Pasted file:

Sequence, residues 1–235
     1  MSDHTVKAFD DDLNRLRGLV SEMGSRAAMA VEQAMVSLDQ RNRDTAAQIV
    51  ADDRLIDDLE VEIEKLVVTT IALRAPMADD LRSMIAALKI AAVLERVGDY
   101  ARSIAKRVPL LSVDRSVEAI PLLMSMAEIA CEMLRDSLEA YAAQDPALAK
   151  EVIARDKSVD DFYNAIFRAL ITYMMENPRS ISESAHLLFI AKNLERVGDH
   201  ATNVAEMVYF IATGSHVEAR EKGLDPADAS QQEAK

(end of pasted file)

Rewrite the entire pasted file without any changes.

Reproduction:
Sequence, residues 1–235
     1  MSDHTVKAFD DDLNRLRGLV SEMGSRAAMA VEQAMVSLDQ RNRDTAAQIV
    51  ADDRLIDDLE VEIEKLVVTT IALRAPMADD LRSMIAALKI AAVLERVGDY
   101  ARSIAKRVPL LSVDRSVEAI PLLMSMAEIA CEMLRDSLEA YAAQDPALAK
   151  EVIARDKSVD DFYNAIFRAL ITYMMENPRS ISESAHLLFI AKNLERVGDH
   201  ATNVAEMVYF IATGSHVEAR EKGLDPADAS QQEAK